She prefers to stay out of the spotlight these days, but behind the scenes Stefanie Graf is putting her fame to good use.
Back when Stefanie Graf was the number-one-ranked women’s tennis player in the world, before she put down her racket and settled into a quiet family life in Las Vegas—carpooling, having family dinners with her husband, tennis star Andre Agassi—she was a nomad, on the road hundreds of days a year for tournaments all over the globe. On a recommendation from a friend, Graf took some time while playing in Hamburg, Germany, to visit a clinic treating children suffering from the psychological effects of war, and her life was forever changed. She founded Children for Tomorrow (CFT), a Hamburg-based organization that has, for the past 17 years, peeled back the layers of trauma to reveal children filled with potential.
“I got to meet Professor Peter Riedesser, who was running a clinic for traumatized children, and he talked to me about his work,” says Graf, a native of Mannheim, Germany. “His passion had a huge impact on me. I met some of the kids he was treating—a lot of them from Somalia and Yugoslavia…. You could sense their struggle, not being able to verbalize, not being able to look you in the eye.” Graf wanted to help—and gave generously—but she needed to do more to bring awareness to these voiceless victims and their invisible wounds, so in 1998 she established her organization.
According to the Office of the United Nations High Commissioner for Refugees, there are more than 50 million displaced people worldwide, almost half of them children or adolescents. CFT sees about 1,000 of these kids annually—a number that Graf hopes to increase in the future.
Her organization touches children directly, beginning with the two kindergartens it opened in Cape Town in 1999, where art therapy is a primary tool, allowing the children to express their emotions related to abuse, neglect, and violence. “I will never forget the little boy rescued from a garbage fire after being thrown in by his own father,” Graf says, choking up at the memory. “His face was half burned. That image stuck with me, but there are so many hidden emotional stories.”
In Kosovo, where CFT runs summer camps and teaches conflict resolution, nurses and therapists use music and theater to unburden youngsters of their grief. “We try to get different ethnic backgrounds to work together,” Graf says, “and help kids open up about their traumas in different cultures.”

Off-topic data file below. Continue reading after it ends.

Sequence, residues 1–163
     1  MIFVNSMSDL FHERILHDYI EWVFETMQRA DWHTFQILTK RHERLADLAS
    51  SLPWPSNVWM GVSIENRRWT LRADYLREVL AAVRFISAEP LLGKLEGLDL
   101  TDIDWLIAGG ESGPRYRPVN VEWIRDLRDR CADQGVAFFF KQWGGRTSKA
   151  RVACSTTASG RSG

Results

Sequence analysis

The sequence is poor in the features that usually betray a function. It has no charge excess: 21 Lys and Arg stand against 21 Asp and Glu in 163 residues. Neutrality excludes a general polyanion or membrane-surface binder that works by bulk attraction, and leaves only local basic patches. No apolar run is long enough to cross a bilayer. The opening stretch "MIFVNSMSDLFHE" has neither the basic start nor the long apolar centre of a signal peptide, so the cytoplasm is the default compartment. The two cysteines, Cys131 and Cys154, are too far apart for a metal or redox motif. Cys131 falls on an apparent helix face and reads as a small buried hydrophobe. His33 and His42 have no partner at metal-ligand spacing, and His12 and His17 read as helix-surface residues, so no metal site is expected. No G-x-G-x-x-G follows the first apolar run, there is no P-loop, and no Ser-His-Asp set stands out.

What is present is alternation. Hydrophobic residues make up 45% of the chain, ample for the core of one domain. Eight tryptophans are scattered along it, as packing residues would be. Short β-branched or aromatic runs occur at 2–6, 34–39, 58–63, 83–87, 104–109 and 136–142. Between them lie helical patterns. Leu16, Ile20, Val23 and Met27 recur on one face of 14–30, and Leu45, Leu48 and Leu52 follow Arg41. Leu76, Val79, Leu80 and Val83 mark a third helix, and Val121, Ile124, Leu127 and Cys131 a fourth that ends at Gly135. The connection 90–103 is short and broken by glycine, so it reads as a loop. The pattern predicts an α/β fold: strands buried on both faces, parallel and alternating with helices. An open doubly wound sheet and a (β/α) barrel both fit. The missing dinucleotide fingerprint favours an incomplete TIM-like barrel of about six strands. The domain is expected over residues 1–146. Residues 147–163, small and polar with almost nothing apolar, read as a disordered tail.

Some of the many children aided by Children for Tomorrow.
At its headquarters, CFT treats a steady flow of refugees, from newborns to 19-year-olds, from Eritrea, Somalia, Afghanistan, and other war-torn countries. “We’re one of the few foundations that provides translators,” she says, “though often healing happens through art.” The organization also sends doctors and therapists to countries where there are few. In Eritrea, for example, it funded and built a kindergarten in the slums of Asmara, offering a place of refuge, and another kindergarten is being planned.
The camera-shy Graf, 45, prefers to stay behind the scenes. But for those served by Children for Tomorrow, she is willing to leverage her fame to shed light on their cause—and teach the power of generosity to the next generation. “Through my husband’s work, I’ve seen that it’s ingrained in Americans to give back. For different reasons, fundraising is more challenging in Europe,” she says. “So if you see me once in a while on the tennis court, it’s mostly me playing for my foundation.”
In fact, Graf and Agassi’s children are barely aware of their parents as tennis superstars. “They were 5 or 6 when Andre retired,” Graf says, “so their memory of our lives is more about what we’ve been doing after tennis.” If you come to their house, she adds, “there are few tennis rackets, no trophies or pictures. Our sports careers are in our past.”
But the world’s children are very much in her present and future, and her foundation has had many success stories. “I met a girl who had escaped the war in Afghanistan by ferry with her cousin, sister, and sister’s baby, and the sister and the baby went overboard,” Graf says. CFT offered the girl a chance for a self-determined life. “A year and a half later, she talks about survivor’s guilt, how much therapy helped, and how she wants to become a nurse.”
Such achievements keep Graf committed to her work, giving her hope that one person can make a difference. “It’s not important that these kids know who I am or what I’ve done,” she says. “It’s about breaking the cycle of violence and abuse and giving these kids a chance at success.”